Using a combination of satellite and ground data, the team proposes that it is now possible to map biodiversity with an accuracy that has not been previously...

Im Focus: Climate satellite: Tracking methane with robust laser technology

Heatwaves in the Arctic, longer periods of vegetation in Europe, severe floods in West Africa – starting in 2021, scientists want to explore the emissions of the greenhouse gas methane with the German-French satellite MERLIN. This is made possible by a new robust laser system of the Fraunhofer Institute for Laser Technology ILT in Aachen, which achieves unprecedented measurement accuracy.

Methane is primarily the result of the decomposition of organic matter. The gas has a 25 times greater warming potential than carbon dioxide, but is not as...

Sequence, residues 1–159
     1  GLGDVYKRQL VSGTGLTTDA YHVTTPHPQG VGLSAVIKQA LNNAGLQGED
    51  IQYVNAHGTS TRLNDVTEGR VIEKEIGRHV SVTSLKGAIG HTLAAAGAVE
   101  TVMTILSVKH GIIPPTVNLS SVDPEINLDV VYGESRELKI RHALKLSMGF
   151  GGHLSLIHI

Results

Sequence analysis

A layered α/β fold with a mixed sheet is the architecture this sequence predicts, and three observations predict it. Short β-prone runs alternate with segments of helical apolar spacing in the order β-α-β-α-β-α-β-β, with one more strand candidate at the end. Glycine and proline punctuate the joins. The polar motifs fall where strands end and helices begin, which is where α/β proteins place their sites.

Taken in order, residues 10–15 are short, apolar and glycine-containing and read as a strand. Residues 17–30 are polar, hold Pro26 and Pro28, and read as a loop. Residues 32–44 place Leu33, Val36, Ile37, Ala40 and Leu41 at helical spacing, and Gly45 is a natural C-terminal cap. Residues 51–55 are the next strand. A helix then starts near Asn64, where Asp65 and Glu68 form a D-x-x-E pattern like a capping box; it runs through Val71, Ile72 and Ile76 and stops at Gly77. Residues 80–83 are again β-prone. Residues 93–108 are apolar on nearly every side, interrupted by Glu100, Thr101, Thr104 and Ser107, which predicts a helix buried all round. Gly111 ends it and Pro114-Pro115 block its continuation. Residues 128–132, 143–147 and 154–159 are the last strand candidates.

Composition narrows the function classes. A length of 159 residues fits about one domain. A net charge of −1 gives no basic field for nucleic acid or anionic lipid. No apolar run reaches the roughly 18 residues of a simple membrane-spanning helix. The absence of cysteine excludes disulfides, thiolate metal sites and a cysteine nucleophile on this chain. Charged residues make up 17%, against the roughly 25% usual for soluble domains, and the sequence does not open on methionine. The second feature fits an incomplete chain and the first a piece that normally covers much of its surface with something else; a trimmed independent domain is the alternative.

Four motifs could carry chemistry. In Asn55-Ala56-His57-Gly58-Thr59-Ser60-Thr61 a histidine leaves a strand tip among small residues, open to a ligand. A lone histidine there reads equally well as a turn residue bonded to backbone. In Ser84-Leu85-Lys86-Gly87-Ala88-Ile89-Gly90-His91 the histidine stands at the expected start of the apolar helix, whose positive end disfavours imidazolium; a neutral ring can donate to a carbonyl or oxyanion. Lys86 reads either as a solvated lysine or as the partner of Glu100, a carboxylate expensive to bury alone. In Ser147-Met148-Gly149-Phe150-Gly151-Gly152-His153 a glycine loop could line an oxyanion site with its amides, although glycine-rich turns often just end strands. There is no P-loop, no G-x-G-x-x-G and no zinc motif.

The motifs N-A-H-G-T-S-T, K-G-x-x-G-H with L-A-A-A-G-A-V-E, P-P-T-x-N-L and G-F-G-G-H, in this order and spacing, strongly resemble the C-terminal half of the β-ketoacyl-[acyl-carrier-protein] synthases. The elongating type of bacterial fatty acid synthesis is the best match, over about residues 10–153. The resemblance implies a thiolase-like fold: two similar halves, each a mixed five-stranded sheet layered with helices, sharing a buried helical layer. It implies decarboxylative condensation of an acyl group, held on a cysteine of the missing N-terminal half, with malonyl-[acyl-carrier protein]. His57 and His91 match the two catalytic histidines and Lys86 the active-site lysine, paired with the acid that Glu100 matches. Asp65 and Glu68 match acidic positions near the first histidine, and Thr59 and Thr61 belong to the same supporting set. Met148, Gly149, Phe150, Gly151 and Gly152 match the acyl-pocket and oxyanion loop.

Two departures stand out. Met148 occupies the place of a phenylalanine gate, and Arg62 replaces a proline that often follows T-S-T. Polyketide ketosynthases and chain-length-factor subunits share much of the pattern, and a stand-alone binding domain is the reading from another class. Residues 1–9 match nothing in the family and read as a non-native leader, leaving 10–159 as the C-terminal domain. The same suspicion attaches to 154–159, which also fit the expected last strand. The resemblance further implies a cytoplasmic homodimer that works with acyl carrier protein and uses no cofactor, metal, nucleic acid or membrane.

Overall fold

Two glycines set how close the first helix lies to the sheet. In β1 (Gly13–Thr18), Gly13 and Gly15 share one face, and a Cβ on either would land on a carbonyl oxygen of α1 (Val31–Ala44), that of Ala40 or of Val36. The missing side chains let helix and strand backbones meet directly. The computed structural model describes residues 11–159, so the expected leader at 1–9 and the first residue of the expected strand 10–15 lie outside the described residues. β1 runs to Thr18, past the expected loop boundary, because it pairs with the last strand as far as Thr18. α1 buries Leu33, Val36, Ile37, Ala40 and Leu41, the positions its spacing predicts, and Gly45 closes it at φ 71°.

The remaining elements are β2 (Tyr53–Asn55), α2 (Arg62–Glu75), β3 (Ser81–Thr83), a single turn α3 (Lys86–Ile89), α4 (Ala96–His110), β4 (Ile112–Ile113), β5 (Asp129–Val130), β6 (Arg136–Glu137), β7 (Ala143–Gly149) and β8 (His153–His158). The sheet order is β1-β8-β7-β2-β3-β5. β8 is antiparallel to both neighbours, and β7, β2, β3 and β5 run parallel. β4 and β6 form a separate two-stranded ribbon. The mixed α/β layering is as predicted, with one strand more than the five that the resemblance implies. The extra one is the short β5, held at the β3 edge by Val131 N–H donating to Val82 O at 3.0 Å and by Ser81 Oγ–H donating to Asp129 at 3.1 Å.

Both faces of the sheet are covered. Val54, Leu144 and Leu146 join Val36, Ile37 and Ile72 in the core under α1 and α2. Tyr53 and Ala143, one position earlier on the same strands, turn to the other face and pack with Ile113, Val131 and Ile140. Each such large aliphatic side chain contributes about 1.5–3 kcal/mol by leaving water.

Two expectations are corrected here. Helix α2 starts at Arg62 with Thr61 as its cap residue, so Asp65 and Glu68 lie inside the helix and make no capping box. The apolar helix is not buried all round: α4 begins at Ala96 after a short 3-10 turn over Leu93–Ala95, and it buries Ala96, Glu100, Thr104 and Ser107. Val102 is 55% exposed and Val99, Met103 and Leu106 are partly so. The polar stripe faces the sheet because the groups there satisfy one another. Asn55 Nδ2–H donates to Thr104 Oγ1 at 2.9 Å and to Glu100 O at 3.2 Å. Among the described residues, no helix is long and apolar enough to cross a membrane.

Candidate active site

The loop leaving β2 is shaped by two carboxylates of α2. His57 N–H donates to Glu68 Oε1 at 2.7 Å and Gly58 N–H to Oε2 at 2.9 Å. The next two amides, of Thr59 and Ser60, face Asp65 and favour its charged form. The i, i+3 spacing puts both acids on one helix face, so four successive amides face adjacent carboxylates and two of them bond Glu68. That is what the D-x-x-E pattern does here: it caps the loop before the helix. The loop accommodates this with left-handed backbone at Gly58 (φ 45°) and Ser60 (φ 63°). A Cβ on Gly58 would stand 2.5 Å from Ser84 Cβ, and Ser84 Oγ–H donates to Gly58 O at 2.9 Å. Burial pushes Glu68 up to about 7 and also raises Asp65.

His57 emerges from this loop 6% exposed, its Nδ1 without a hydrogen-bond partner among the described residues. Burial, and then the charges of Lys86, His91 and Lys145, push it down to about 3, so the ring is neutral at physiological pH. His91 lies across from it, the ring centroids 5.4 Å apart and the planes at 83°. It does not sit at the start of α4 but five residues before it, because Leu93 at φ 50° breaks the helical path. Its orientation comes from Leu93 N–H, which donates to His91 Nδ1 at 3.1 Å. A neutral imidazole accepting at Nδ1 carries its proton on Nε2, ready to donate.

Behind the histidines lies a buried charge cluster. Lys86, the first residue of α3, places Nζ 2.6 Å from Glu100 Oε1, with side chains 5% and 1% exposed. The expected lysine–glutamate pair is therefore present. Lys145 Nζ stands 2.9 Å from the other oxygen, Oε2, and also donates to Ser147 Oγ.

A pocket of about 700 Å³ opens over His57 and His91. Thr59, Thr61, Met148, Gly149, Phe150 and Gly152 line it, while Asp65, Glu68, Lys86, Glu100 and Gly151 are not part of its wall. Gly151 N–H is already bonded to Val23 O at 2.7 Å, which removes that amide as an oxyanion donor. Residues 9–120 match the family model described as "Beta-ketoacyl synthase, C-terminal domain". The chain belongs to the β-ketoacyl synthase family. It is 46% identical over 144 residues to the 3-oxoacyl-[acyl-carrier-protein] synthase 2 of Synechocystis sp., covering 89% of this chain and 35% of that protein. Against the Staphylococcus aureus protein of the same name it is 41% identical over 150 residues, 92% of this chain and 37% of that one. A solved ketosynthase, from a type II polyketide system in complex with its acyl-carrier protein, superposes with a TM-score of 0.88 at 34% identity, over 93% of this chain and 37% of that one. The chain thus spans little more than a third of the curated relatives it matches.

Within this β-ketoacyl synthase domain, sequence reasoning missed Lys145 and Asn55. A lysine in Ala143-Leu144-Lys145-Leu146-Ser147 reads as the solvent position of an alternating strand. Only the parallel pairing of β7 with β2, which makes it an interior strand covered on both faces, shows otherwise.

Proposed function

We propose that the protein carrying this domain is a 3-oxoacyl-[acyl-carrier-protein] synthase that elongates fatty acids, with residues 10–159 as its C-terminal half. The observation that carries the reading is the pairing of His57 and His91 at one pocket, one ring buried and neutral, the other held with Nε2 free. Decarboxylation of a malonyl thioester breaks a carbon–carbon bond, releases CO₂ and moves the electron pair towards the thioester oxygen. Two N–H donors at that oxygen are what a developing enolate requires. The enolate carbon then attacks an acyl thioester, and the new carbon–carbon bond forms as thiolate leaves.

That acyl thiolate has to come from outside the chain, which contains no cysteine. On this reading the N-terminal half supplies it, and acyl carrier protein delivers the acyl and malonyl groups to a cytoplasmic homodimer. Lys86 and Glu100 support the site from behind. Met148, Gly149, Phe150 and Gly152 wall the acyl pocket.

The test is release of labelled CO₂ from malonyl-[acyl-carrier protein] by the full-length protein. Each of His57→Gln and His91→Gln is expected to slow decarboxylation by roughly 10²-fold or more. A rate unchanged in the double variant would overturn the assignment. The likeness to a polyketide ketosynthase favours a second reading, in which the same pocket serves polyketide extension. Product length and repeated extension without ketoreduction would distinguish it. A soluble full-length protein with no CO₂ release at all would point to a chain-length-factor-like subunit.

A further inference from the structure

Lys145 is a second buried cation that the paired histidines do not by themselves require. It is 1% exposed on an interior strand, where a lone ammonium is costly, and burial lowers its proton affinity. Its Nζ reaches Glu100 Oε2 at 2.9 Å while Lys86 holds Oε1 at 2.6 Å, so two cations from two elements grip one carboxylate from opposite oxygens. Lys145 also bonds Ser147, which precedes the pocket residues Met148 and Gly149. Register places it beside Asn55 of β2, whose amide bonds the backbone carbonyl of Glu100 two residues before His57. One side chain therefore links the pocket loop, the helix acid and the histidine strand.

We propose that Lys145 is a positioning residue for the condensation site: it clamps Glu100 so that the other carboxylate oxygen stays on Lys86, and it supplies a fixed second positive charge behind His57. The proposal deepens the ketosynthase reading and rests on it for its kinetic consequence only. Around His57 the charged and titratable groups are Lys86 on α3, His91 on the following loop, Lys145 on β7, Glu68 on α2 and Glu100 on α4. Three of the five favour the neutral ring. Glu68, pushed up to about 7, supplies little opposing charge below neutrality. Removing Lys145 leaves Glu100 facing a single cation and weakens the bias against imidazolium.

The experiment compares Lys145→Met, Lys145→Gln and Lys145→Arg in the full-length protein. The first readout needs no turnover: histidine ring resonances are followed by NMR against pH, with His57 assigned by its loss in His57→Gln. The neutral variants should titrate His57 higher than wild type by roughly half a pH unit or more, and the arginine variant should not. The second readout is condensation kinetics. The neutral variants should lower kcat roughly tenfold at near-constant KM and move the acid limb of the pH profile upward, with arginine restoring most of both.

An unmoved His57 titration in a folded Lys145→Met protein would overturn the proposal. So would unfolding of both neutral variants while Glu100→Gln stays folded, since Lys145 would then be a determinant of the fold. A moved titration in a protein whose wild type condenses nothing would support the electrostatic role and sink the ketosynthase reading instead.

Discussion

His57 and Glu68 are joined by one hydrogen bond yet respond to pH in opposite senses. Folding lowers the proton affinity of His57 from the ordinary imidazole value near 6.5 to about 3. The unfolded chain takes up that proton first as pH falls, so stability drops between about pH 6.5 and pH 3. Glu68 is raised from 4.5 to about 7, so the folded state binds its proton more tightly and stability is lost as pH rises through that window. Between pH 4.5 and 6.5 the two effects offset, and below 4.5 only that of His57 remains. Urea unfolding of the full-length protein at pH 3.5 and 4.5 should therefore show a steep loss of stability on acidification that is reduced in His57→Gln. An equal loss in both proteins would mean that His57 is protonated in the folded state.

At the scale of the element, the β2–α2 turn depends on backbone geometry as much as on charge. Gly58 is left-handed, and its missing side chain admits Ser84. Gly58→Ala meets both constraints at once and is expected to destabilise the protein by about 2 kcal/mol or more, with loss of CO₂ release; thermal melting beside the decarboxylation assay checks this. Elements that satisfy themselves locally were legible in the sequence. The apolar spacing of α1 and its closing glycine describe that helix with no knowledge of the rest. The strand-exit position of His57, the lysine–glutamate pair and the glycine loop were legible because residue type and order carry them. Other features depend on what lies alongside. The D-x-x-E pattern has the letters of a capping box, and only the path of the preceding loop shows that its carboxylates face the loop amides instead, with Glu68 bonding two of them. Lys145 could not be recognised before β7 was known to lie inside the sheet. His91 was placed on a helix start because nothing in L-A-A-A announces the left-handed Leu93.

Im Focus: How protons move through a fuel cell

Hydrogen is regarded as the energy source of the future: It is produced with solar power and can be used to generate heat and electricity in fuel cells. Empa researchers have now succeeded in decoding the movement of hydrogen ions in crystals – a key step towards more efficient energy conversion in the hydrogen industry of tomorrow.

As charge carriers, electrons and ions play the leading role in electrochemical energy storage devices and converters such as batteries and fuel cells. Proton...

Im Focus: A unique data centre for cosmological simulations